Building a Docker image via GitHub Actions requires creating a new folder and file in your repository. You need to create a .github directory at the root of your repo, followed by a workflows directory inside it. Then you are going to add a YAML file called ci.yml.

mkdir .github
mkdir .github/workflows
touch .github/workflows/ci.yml
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Inside the new YAML file, we'll define a job that will build your Docker image.

name: Build Docker image

on:
  push: {}

jobs:
  build-with-docker:
  name: Build with Docker
  runs-on: ubuntu-20.04
  steps:
    - uses: actions/checkout@v3
    - uses: docker/setup-buildx-action@v1
    - uses: docker/build-push-action@v2
      with:
        context: .
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This is a complete GitHub Actions workflow that consists of a job called Build with Docker that will build your image based on the Dockerfile defined at the root of your repository. Note that if your Dockerfile is in a subdirectory, you'll need to specify the path to the Dockerfile as an additional file field.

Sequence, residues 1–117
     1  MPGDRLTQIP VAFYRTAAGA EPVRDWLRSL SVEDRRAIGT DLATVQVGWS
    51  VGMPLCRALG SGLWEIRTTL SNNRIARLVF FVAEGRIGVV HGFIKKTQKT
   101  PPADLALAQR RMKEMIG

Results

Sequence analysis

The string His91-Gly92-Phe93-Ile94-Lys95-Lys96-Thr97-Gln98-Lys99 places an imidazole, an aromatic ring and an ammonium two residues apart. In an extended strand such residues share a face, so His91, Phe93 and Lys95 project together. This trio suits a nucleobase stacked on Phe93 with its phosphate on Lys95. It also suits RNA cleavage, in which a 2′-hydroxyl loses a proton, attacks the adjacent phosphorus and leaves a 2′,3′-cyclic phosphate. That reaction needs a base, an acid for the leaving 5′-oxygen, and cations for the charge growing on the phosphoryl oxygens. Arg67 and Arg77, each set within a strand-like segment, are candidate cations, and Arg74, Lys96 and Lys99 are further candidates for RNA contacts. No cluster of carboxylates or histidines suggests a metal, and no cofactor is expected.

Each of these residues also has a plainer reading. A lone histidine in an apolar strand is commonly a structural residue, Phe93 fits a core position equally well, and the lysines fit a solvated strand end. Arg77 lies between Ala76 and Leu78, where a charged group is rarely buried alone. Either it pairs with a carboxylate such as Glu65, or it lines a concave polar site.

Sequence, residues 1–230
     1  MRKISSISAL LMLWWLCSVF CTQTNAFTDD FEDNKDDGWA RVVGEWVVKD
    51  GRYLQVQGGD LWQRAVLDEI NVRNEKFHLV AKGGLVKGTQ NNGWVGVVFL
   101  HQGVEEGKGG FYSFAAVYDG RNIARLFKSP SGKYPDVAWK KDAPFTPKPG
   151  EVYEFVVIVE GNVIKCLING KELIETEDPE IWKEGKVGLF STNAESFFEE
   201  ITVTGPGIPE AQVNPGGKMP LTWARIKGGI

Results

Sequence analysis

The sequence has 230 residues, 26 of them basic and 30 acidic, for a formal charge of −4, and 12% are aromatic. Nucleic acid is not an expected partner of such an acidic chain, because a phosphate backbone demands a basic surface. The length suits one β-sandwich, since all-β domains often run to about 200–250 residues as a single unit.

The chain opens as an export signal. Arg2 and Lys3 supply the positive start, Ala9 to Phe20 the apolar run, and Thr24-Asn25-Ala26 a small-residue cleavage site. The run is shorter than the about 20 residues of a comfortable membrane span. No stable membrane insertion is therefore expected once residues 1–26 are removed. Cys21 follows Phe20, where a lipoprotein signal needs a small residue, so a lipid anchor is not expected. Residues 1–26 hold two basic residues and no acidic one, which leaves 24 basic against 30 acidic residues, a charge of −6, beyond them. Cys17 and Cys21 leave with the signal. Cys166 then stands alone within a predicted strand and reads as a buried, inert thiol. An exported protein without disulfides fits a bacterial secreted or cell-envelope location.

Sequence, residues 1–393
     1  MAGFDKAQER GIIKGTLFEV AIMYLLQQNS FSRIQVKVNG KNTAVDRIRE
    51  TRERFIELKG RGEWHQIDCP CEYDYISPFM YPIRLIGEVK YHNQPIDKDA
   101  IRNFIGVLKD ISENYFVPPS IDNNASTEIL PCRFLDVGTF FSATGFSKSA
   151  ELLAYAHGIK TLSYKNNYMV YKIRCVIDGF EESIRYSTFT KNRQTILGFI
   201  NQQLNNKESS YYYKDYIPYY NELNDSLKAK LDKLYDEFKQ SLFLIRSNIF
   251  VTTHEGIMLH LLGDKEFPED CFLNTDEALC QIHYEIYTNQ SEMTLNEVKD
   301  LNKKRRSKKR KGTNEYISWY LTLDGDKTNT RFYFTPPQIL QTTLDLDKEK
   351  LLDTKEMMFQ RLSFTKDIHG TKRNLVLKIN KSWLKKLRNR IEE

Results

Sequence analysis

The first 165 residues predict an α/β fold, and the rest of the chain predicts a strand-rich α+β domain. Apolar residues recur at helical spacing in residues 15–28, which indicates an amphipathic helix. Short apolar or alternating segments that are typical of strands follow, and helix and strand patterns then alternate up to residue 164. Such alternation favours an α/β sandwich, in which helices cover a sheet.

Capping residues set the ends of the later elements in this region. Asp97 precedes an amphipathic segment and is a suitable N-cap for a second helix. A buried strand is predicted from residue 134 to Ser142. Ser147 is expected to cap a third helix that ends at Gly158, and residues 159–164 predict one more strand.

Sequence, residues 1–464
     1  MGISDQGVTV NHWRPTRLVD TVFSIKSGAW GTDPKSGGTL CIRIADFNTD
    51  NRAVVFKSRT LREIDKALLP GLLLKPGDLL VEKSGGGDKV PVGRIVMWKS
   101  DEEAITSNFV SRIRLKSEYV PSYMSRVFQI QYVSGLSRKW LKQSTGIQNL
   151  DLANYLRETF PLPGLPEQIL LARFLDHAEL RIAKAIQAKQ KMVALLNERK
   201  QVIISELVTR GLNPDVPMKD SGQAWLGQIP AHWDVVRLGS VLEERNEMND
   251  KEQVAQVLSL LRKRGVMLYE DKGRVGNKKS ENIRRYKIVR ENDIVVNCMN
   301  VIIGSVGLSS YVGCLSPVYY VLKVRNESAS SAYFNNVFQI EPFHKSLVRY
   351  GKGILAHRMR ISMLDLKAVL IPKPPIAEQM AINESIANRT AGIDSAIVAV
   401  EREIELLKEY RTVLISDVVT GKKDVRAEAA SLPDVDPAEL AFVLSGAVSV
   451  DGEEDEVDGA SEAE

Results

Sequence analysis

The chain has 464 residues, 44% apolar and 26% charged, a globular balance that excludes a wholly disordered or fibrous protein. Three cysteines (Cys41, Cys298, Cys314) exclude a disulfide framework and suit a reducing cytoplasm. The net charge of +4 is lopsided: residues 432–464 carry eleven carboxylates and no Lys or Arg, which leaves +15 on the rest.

The setup-buildx-action configures Docker Buildx to create a builder instance for running the image build. The following step build-push-action, makes use of that instance to build your Docker image. The build-push-action supports all of the features provided by BuildKit out of the box. In our simple example, we are only specifying the Docker context, but more advanced features like SSH, secrets, and build args are supported.